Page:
I found Terra to be a really lovely science fiction novel, easy to read (once you get used to all the names that look like keysmashes) and refreshingly optimistic for the genre. If the story's conflicts were a little too easily resolved, that is a small criticism. The world of Fnrr is a society evolved quite apart from ours, even perhaps a utopia, but one which reflects so much that is to be celebrated about people (whether human or not.) I came away from Terra smiling.

Shelve next to: The Hitchhiker's Guide to the Galaxy by Douglas Adams

Key Quotes:
"I guess I'm just wondering if everybody hates the G'grk because they're so angry and violent, or whether they're so angry and violent because everybody hates them."
"There's no point knowing something if you don't know WHY you know it."
"A bad scientist tries to prove himself right. A good scientist tries to prove himself wrong, and only when he fails does he conclude he's right."
"The cleverest of the scientists and astronomers admitted - privately at least - that any really intelligent life would be smart enough never to allow its presence to be detected by the human race. It wouldn't have cheered these scientists and astronomers up one bit to now that they were right."


The Miniaturist: Jessie Burton


Amsterdam, 1686. Nella Oortman arrives at her new husband's house to find a frosty welcome. Her sister-in-law and servants seem to have made up their mind to dislike her, while her husband Johannes wants nothing to do with her. On one of his rare attentive occasions, Johannes buys Nella a lavish wedding gift of a doll's house cabinet, and when Nella decides to furnish it, the miniaturist sends unsolicited and disturbing additions: items and characters which show too much knowledge of Nella's family, home - and future.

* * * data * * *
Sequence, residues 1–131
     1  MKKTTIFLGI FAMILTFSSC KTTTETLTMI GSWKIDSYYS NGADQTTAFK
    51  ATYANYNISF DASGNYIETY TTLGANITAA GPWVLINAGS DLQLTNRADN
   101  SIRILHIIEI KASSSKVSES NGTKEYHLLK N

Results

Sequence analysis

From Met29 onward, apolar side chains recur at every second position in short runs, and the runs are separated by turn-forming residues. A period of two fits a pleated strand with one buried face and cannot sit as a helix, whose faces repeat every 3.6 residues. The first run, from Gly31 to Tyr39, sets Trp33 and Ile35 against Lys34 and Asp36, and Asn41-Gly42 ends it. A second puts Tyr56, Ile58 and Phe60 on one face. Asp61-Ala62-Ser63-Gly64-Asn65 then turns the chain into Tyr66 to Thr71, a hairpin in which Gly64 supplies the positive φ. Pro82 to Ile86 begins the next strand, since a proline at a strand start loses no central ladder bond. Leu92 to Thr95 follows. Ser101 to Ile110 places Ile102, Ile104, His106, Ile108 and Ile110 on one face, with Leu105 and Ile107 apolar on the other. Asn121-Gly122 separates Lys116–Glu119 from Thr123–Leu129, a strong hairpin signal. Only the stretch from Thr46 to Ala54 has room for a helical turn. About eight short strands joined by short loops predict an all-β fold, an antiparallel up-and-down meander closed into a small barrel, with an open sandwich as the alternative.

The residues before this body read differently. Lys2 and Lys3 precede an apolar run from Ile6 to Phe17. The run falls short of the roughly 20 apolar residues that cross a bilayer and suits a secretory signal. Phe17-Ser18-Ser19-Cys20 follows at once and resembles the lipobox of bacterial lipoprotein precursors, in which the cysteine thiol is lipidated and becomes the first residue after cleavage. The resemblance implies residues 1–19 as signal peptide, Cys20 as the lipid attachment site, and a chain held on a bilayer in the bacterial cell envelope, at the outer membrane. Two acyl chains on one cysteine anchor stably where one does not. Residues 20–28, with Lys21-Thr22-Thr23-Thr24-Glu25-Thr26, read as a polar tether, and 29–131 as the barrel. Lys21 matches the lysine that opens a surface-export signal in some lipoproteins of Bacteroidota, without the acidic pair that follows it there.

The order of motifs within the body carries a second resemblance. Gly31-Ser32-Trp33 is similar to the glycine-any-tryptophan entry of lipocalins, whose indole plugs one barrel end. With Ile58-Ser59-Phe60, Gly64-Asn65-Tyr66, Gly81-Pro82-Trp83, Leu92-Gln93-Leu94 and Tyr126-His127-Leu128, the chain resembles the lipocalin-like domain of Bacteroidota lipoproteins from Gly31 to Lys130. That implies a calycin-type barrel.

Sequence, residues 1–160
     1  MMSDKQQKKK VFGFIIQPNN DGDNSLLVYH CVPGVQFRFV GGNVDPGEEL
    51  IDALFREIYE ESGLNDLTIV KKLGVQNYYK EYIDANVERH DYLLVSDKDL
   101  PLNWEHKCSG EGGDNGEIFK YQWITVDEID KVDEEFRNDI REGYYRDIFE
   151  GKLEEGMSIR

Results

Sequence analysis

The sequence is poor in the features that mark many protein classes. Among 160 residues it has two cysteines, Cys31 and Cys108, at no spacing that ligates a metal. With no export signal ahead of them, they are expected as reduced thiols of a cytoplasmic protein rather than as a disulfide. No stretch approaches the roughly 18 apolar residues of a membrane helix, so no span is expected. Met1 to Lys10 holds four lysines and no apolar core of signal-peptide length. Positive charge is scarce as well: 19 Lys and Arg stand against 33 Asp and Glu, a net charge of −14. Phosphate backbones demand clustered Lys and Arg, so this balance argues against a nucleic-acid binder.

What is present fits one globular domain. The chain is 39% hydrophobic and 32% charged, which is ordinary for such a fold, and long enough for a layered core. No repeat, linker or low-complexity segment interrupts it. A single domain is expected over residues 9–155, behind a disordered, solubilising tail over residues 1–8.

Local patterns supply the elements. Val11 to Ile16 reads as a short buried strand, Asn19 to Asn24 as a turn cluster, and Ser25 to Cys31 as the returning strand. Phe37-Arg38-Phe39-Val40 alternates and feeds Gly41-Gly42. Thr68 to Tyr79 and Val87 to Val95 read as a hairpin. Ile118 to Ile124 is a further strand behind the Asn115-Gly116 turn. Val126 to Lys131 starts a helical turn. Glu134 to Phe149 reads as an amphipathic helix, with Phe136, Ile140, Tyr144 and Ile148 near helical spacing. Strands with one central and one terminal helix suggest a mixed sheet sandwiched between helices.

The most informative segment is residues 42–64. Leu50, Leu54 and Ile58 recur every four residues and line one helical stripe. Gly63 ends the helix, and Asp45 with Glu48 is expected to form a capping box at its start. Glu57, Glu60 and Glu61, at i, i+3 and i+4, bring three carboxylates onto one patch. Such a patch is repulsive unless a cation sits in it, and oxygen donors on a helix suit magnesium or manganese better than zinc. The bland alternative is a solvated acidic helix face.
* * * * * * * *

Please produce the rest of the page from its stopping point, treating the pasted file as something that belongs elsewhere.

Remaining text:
The Miniaturist explores the role of a woman in the seventeenth century, the expectations of a merchant's wife, and Nella's quest to make a place for herself in this unfamiliar new world. Set against the backdrop of the sugar trade, The Miniaturist takes the part of those who do not conform to the expectations of an oppressive society, that even the privileged classes find their own prisons. The cabinet plot is eerie and full of foreboding; there is a sense of a fate neither escapable nor quite understandable until it is too late. I grew emotionally invested in the family and ached for a happy ending, but tragedy is a foregone conclusion from the very first chapter. An extraordinary debut (and a beautiful cover.)

Shelve next to: The Little Stranger by Sarah Waters

Key Quotes:
"It is not a man she has married, but a world."
"Growing older, Nella realises, does not seem to make you more certain. It simply presents you with more reasons for doubt."
"Everything about this cabinet was indeed distracting. So much happened while I was looking the other way. I was sure I'd been standing still, yet look how far I've come."
 



That's Not A Feeling: Dan Josefson